Rangeland Resource Trends in the United States: A Technical Document Supporting the 2000 USDA Forest Service RPA Assessment

John E. Mitchell
U.S. Department of Agriculture
Forest Service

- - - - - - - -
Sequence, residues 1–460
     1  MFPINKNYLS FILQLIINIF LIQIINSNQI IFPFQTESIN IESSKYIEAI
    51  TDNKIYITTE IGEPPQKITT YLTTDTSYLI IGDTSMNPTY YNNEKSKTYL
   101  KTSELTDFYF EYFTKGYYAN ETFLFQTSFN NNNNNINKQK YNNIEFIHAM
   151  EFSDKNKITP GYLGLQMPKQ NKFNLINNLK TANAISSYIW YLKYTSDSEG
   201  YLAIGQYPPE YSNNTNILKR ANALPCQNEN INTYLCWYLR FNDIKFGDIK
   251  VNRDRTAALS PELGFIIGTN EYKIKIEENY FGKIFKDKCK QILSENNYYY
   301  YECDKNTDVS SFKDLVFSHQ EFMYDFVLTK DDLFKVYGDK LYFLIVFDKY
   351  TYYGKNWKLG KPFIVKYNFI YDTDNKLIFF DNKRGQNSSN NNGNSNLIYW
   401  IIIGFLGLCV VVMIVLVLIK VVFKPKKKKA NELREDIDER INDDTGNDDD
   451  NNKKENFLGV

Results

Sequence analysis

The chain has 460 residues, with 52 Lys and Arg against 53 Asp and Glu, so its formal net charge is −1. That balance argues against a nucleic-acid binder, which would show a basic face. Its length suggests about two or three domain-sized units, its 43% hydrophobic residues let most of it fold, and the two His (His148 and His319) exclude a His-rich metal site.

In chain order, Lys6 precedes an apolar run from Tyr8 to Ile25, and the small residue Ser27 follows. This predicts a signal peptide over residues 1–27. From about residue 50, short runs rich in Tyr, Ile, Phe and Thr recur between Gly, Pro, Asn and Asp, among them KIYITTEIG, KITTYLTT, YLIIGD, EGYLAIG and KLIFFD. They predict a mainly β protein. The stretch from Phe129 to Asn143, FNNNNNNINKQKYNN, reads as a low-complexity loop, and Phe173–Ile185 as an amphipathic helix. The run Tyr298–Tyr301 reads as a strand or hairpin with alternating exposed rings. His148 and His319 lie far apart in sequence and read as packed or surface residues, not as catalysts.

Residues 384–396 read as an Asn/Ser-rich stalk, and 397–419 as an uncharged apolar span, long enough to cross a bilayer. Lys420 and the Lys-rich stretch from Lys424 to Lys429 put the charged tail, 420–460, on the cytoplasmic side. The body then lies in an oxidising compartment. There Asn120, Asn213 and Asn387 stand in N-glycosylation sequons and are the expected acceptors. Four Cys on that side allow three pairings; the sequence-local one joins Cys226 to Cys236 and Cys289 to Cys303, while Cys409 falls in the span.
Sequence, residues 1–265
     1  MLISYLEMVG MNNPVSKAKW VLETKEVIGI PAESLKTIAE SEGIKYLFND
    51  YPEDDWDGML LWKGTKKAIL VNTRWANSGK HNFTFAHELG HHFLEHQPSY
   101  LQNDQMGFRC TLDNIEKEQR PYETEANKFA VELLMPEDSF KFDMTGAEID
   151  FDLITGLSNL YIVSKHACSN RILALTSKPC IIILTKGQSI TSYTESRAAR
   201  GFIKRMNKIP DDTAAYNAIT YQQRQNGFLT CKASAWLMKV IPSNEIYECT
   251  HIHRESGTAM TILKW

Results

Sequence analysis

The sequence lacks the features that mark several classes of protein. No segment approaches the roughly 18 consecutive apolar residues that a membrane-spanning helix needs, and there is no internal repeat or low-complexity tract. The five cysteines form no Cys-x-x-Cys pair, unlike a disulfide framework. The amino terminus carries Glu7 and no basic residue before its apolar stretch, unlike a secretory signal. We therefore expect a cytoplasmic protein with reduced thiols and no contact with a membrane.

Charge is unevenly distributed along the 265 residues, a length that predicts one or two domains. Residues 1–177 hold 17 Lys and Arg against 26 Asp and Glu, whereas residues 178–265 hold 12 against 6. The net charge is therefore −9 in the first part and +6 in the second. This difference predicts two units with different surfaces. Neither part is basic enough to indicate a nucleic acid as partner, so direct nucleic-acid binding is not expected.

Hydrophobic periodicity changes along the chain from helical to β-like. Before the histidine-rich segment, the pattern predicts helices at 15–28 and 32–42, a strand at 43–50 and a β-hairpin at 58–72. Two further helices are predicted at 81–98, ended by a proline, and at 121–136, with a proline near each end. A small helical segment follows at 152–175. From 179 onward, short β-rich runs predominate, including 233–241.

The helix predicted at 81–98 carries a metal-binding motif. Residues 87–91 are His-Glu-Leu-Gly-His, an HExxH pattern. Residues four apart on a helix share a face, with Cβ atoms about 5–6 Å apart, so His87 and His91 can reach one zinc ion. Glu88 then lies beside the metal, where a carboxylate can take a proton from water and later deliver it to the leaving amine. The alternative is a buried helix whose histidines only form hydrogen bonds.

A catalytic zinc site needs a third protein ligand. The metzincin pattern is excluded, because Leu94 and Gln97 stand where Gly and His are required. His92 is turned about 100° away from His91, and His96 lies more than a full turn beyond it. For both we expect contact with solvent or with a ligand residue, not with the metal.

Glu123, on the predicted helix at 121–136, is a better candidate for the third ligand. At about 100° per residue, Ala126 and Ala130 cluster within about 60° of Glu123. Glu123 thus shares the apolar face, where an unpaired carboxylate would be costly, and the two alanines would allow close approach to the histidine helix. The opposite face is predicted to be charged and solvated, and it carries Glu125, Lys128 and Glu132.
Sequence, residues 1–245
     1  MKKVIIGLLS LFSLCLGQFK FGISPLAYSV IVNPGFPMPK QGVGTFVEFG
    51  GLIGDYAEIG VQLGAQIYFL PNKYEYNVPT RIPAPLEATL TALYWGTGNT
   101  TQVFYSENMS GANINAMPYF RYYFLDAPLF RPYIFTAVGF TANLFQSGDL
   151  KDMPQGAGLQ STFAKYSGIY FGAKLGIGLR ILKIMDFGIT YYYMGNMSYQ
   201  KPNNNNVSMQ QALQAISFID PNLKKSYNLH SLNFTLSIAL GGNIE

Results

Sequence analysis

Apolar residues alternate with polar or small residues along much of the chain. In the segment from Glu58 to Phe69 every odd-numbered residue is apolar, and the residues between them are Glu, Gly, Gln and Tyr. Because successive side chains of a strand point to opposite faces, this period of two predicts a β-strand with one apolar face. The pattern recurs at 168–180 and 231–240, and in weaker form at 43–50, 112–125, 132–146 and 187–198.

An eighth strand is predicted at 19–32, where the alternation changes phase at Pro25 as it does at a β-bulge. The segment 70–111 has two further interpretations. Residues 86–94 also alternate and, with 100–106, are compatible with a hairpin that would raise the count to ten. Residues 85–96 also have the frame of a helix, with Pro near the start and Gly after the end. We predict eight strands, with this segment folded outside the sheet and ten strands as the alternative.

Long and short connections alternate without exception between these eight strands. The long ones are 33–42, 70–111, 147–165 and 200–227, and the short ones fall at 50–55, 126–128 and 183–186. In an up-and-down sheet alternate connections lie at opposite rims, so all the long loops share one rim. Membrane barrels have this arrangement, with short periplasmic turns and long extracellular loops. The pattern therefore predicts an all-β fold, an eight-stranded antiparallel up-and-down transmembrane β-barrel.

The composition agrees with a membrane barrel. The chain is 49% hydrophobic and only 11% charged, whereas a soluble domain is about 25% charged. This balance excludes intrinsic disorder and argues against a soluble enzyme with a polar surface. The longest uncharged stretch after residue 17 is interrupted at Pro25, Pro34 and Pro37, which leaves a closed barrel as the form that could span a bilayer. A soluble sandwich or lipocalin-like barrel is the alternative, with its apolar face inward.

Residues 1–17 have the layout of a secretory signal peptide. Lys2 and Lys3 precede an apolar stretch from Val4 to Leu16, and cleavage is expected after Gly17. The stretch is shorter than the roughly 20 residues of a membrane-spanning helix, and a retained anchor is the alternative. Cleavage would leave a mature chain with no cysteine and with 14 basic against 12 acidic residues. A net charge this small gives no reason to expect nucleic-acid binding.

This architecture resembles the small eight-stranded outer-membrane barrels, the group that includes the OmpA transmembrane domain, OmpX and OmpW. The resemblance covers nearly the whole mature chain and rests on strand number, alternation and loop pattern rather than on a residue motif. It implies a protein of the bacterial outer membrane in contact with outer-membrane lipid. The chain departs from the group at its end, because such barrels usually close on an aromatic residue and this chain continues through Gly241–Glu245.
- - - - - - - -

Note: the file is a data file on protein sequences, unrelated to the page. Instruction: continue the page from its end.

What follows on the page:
This report documents trends in America’s rangelands as required by the Renewable Resources Planning Act of 1974. The Forest Service has conducted assessments of the rangeland situation for 30 years. Over this period, rangeland values and uses have gradually shifted from concentrating upon forage production and meeting increasing demand for red meat to a more broad-based understanding under a framework of sustainable resource management. The total extent of rangeland will likely continue a trend of slow decline, but any changes will be small in relation to the total U.S. grazing land base of about 800 million acres. Lands enrolled in the Conservation Reserve Program are not expected to affect this trend. Data from various sources indicate that range condition has been fairly static over the past decade. Non-indigenous weed invasions have offset advances in rangeland health. Regardless, the productive capacity of U.S. rangelands is not expected to degrade because of slowly decreasing livestock utilization and possible advances in biotechnology. Trends in the number of people with adequate technical skills to manage rangelands and conduct research need closer attention.